Reporter’s notes on the EDSA Revolt
(Contributed by Nonnie Pelayo, the defense/military reporter of the then Philippines Daily Express who covered the People Power Revolution, also known as the EDSA Revolution, a series of popular demonstrations, mostly in Metro Manila, from Feb. 22 to 25, 1986.)
FEBRUARY 1986 was about to end and rumors of an impending coup, massive government revamp and other mayhem were rife.
On Feb. 21, PC chief Lt. Gen. Fidel V. Ramos told reporters in an ambush interview at the Philippine Constabulary headquarters in Camp Crame: “I am asking Malacañang to stop this talk about revamps and other movements in the government. I am trying to maintain a semblance of stability in a very unstable situation.”
That made the headlines of the next day’s newspapers.
In the afternoon of Feb. 22, I was at the PC Public Information Office when a colleague called me: Magpunta ka dito (Camp Aguinaldo) may mga sniper sa bubong ng MND (Ministry of National Defense). Naka-black bonnets.
Entering Camp Aguinaldo was not a problem. Security was not heightened and everything was “normal.” At the reporters’ lounge of the MND Public Affairs Office the “usual suspects” were in full force plus some others.
As I was entering the building, helicopters landed on the front lawn. Heavy big black bags that presumably contained weapons were unloaded.
Still no one stirred at the camp. Reporters were told that Defense Minister Juan Ponce Enrile would hold a press conference at 4 p.m. The time was later moved to 5 p.m., making newsmen ask where Enrile was.
One wag answered, “Tinatanggalan pa ng posas.” There were rumors that Enrile would be arrested.
Finally, at 6 p.m., the reporters were told to go to the MND social hall. Enrile was already there waiting, without handcuffs of course.
Just as Enrile started to speak, Ramos, the bête noire of Gen. Fabian Ver, AFP chief of staff, and other high military officers entered.
Enrile announced that he and Ramos were withdrawing their support from the government. He explained why.
Several minutes into the presser, Brig. Gen. Ramon J. Farolan, who was then seconded to the Bureau of Customs as its commissioner, arrived. Moments later, retired Gen. Romeo Espino entered and sat with Enrile and Ramos at the table.
Afterward, Ramos stood up to go back to Crame. Before he boarded his car he told me and another reporter, “Follow me.” So there we went to Crame – and, as they say, the rest is history.
While Enrile and Ramos were announcing their breakaway, top leaders of Malacañang and the Armed Forces were at the St. Therese Cathedral at Villamor Air Base for the wedding of the son of Air Force chief Maj. Gen. Vicente Piccio, a Ver loyalist and one of the “stooges.”
Ramos then started calling PC provincial, commanders, asking for their support and giving them instructions. That night, he announced on radio the names of the generals and other senior officers who had pledged support to his cause. That stymied Ver, who had to double-check his officers’ loyalty.
While Ramos was organizing his forces, one would imagine Crame turning into a veritable fortress. The truth was that the camp’s five gates were being guarded by just seven lightly armed constables each. Their commander, Capt. Rosendo Ferrer must have had a bad migraine at the time together with his boss, Maj. Avelino I. Razon Jr., the commander of Ramos’s security detail.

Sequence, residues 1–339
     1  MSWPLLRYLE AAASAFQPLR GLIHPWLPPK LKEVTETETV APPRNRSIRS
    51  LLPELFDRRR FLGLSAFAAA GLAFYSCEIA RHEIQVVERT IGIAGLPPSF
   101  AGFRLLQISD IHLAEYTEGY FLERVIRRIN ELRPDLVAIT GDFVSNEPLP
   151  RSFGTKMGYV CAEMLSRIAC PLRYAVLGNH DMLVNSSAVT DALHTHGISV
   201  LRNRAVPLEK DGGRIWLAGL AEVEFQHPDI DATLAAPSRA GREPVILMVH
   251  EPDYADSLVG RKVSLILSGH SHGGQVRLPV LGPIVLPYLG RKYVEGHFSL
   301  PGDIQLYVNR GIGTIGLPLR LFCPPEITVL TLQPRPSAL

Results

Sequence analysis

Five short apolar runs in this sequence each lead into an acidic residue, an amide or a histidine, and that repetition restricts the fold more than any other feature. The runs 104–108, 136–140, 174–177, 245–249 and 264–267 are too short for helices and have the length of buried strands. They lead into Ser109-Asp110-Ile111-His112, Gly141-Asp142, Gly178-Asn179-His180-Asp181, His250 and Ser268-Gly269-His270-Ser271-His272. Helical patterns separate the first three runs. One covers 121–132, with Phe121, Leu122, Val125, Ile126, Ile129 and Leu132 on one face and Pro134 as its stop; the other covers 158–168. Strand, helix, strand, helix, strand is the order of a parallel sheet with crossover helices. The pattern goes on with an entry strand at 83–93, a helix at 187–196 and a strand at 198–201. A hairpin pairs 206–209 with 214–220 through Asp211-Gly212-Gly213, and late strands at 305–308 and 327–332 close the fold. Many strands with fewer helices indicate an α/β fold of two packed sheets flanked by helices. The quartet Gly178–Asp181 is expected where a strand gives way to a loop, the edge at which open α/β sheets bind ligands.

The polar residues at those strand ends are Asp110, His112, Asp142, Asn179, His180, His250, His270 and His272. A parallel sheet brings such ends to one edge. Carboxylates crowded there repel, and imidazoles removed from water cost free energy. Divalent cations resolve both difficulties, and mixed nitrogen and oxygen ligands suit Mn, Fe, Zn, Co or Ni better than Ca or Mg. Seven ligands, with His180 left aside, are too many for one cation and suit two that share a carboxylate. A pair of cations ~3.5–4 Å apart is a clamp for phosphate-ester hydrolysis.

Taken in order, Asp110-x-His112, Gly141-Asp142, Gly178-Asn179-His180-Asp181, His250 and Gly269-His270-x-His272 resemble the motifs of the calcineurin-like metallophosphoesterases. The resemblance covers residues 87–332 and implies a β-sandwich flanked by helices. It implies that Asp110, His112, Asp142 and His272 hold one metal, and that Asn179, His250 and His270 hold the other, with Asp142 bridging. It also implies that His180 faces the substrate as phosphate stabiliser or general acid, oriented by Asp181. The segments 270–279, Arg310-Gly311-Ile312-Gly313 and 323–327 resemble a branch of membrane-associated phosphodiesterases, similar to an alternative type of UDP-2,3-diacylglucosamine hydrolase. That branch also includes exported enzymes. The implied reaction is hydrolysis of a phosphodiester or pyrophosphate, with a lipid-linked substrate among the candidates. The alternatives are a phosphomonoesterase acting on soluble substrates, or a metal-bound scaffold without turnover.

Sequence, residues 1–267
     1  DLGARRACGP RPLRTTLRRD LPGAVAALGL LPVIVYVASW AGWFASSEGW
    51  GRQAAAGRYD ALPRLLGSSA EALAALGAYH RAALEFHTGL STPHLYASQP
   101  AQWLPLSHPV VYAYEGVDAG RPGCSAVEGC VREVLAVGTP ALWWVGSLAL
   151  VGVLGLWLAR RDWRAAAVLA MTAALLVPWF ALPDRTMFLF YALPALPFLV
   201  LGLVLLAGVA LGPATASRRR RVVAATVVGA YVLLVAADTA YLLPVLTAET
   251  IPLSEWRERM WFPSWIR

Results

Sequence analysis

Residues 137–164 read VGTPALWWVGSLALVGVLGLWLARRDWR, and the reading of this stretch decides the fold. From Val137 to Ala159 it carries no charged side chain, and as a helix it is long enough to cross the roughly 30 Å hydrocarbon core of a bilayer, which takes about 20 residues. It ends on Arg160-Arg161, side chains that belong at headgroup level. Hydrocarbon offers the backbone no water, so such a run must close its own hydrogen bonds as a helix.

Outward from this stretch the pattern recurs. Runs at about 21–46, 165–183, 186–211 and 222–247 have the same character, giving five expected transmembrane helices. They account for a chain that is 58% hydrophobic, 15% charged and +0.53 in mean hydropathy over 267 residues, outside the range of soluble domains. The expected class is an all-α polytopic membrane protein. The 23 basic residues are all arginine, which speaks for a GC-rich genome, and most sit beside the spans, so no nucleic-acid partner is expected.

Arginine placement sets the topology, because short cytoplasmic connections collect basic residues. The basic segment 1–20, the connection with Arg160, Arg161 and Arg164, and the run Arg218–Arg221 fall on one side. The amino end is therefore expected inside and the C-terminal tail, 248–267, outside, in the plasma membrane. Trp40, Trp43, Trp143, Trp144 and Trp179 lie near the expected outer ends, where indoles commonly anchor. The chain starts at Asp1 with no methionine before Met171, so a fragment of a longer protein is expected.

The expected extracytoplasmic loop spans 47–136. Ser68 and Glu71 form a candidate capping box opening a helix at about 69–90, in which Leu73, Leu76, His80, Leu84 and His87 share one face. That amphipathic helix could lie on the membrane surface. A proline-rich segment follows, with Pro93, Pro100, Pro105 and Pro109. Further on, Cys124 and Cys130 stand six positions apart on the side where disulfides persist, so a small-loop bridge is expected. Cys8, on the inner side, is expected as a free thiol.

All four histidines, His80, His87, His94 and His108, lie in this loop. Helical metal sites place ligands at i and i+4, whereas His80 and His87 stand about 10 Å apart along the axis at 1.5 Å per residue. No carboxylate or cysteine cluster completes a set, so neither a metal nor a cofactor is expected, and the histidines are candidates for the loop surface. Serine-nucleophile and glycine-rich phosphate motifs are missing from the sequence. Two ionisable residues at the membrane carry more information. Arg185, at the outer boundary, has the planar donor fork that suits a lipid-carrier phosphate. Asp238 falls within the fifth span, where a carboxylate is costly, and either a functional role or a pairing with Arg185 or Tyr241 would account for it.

Aside from radio reporters, among the early callers of Ramos on the first night were Joker Arroyo and Butz Aquino and the September 21 Movement.
On the Catholic Church-run Radio Veritas, a voice came on air: “This is Cardinal Sin speaking… I am calling our people to support our two good friends at the camps.”
In the wee hours of the next day, the portion of Epifanio de los Santos Avenue between the two camps was already crowded as many heeded Sin’s call for “People Power.”
Ramos came out of Crame and went to Edsa to address the crowd, thanked them, and updated them on what was going on.
Later that day, nuns, priests, and seminarians joined the throng at EDSA and nearby streets. It was the religious who stopped the tanks sent to crush the rebellion.
At Crame, a former reporter who had become a priest came to join his friend Eddie (Ramos). The priest, Fr. Bert Clemena, later gave a general absolution to all of us at the Camp Crame chapel.
Col. Antonio Sotelo and his helicopters later arrived at Crame. That turned the tide and one camp after another was surrendered to the rebel forces.
While the helicopters were approaching, the battle-scarred warriors on the ground did not raise their guns to challenge the aircraft. They were ordered to put down their weapons.
That afternoon, Brig. Gen. Pedro Balbanero, commander of the Military Police Brigade and most senior officer present at Camp Aguinaldo, surrendered the camp to the rebels.
The Marines were sent to attack Crame but they did not fire. Col. Braulio Balbas who was then the commander of the Combat Support Brigade of the Marines was sent with two artillery batteries to Aguinaldo with orders to attack Crame across Edsa, but he did not fire the howitzers.
He told us later: “Bore-sighted na ang HPC, no need for a map. But I did not have the heart to fire. Parang nakikita ko ang asawa at mga anak ko sa Ppl Power.”
At Fort Bonifacio, the Army headquarters, howitzers were also trained on Crame but no order to fire was issued. It turned out that the magnetic maps needed to aim those guns were of World War II vintage. So if they were fired, the shots would have gone all over Cubao and Greenhills but not Crame.
While all this was happening, prayers stormed the heavens. Countless Rosaries were recited and Masses were offered.
Indeed the event of Feb. 22 to 25, 1986, that ended with minimal bloodshed, was a miracle.